But I don’t really understand what you do in your work. I imagine you like a magician, or a scientist, working with abstractions, presiding over explosions, over processions of the observable phenomena that shape our universe and the provisional conclusions we can draw from them, like water from a well that never dries. I imagine you with a wand perhaps, or a magnifying glass, kneeling down in the dirt and motioning over to me, to look through the instrument at the sand and notice how it flows, mathematically, in accordance to something called Langevin dynamics. It’s another name, you tell me, for shadow work. We decide to name our findings A General Theory of Inter-Cat Choreography and try to present this new vocabulary of movement to our families and loved ones. We explain, only a cat knows why it turns, what draws it, almost instinctively, to shift its attention. How many generations of psychic kneading, of biological carving, of inherited formation has offered us this one, ineluctable form of expression. Only a cat knows.

The most beautiful thing about love, you once told me, is that it bears no thought or calculation. It only bears its own gestures of abandon. How it can sometimes feel like the tightening of knuckles, or the smashing of fruit between fingers. Like a sway that is about to break into fall, a string that gets caught and, with sudden life, begins to tug at you from behind. Like a trumpet playing, somewhere, catching a drift, like a scent. Sometimes I don’t know how to live without calculation. I become a vat of impressions and assessments. I look up and the clouds turn into shapes, they seem to represent something. I begin to read them for disaster predictions, for signs. I take notes. Other times I let the sky pass. I sit out at my front porch and let myself be moved by sunlight’s shadows. I listen to the trumpet, to the birdsong. I look up at the clouds and remember nothing exists, but everything exists within it. It.

Ana Cecilia Alvarez is a writer and essayist born in Mexico City. She now lives and works in Los Angeles.

The man’s wife has left her jewellery, and the investigator will count every necklace, earring, designer bag and shoe and conclude that there is nothing missing. She has taken two small bags containing only necessary items, all bought with cash and concealed for weeks in the back of a spare-bedroom wardrobe. The driver of the modest car, paid well and told very little, waits already at a drive-in movie theater two miles from the big house. It’s a double-feature, two wrestling movies, and the driver of the modest car settles back in the front seat and lights a cigarette. He is glad to be out of his small apartment and away from the screaming baby, gladder still for the fat roll of notes in his pocket, half now and half later when the job is done and the woman is on the plane.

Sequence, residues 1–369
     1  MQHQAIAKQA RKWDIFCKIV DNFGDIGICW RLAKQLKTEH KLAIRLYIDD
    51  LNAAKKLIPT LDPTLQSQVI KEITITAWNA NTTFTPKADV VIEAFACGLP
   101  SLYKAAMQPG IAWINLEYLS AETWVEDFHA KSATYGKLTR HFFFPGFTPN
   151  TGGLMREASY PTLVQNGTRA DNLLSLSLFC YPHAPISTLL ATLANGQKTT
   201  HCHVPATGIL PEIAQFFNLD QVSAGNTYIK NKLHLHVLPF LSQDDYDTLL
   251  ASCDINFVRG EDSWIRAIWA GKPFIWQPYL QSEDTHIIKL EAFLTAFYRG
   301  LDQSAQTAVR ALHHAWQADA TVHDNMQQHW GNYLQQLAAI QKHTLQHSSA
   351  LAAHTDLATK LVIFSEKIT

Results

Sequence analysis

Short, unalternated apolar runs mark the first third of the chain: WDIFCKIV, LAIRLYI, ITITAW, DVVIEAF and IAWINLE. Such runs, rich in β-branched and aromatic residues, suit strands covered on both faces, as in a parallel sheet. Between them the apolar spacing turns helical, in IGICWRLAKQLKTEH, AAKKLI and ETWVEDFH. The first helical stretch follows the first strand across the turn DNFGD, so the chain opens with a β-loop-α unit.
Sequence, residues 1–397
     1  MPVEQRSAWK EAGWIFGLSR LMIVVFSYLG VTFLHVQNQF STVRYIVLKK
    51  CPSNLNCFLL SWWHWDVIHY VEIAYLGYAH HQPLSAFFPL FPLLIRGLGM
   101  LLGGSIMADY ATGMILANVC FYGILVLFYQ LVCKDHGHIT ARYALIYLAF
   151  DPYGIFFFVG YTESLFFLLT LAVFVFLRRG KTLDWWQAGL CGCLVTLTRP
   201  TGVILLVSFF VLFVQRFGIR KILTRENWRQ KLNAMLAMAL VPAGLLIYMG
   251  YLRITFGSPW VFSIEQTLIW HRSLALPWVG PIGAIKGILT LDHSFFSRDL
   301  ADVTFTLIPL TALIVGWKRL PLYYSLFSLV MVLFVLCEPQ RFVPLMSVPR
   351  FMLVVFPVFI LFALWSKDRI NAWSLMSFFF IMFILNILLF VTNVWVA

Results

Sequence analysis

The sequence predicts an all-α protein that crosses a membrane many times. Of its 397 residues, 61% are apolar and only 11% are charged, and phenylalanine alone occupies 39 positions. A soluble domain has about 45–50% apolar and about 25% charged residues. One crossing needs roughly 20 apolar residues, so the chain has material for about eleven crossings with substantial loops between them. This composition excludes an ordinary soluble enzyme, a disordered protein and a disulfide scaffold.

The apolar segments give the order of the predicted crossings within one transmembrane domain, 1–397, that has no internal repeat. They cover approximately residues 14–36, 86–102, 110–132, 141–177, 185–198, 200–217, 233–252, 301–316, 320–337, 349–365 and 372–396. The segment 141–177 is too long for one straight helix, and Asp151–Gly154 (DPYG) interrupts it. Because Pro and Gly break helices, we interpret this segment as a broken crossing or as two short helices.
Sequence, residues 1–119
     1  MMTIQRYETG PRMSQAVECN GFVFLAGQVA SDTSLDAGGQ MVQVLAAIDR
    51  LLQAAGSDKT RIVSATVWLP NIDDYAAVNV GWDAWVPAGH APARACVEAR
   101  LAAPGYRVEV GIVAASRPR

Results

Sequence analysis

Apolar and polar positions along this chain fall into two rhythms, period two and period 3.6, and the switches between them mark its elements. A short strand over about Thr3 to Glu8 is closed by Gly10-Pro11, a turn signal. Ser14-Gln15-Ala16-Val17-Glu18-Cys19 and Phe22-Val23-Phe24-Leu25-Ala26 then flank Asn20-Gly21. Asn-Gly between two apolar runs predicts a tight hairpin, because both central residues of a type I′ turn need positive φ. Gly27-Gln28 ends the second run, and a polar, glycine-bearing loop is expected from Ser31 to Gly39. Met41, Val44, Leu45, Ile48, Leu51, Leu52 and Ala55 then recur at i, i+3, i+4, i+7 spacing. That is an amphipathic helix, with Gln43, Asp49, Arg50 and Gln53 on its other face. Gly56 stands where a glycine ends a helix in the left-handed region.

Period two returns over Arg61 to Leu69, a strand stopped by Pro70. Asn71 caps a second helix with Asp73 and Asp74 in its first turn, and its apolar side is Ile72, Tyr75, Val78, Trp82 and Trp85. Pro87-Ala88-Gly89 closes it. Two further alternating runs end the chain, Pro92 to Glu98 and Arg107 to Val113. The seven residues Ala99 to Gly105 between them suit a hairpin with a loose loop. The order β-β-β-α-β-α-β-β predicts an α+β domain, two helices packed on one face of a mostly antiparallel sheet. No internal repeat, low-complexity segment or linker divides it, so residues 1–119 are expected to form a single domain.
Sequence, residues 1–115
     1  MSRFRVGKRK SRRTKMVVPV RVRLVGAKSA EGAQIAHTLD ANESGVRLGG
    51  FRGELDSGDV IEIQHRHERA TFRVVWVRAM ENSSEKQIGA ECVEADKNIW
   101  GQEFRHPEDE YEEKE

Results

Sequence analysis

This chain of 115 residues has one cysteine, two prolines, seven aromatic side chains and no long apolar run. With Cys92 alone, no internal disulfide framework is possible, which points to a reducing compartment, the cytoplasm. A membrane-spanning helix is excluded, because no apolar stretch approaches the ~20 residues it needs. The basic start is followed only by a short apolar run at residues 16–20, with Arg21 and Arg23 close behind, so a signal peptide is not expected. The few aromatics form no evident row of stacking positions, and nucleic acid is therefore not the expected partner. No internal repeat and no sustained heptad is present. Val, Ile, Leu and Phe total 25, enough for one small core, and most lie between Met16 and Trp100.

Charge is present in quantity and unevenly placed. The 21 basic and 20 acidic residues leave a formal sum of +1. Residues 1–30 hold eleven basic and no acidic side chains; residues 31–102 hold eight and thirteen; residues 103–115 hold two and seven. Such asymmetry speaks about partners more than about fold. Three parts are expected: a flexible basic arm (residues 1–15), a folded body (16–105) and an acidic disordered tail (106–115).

It’s been raining ceaselessly for two days, but as the second feature starts, the drizzle stops and the cicadas sing and at the big house a cake for the husband is wheeled out. Someone in the crowd of guests says did you see the new wife and someone else says sad girl isn’t she and someone else says are there really 50 candles on that thing and someone else says yes I think there must be. Half a mile away already, the woman who is a wife but also not a wife walks over the wet, pink dirt towards towards where she trusts that the modest car will be waiting. Behind her she hears a sudden swell of singing and then applause. A grand firework display begins over the big house, but she doesn’t turn to watch.

The night is young and the air smells like sweet earth and the party is raising its voice and nobody will notice that the woman is gone for hours yet. The cake is cut and guests dance incautiously on the rain-slick deck and two women holding glasses of golden wine clutch each other and laugh like children. Down on the beach the sea tugs at the shore and soon a modest car with two passengers will pull out of a drive-in movie theater and a woman will weep relief into her hands and the driver, embarrassed, will clear his throat and turn on the radio. He’ll roll down his window and look up at the clean, dark sky with its sweep of clean, bright stars. He will think to himself that it looks like a wide and smiling mouth.

Beth McColl is a writer based in London.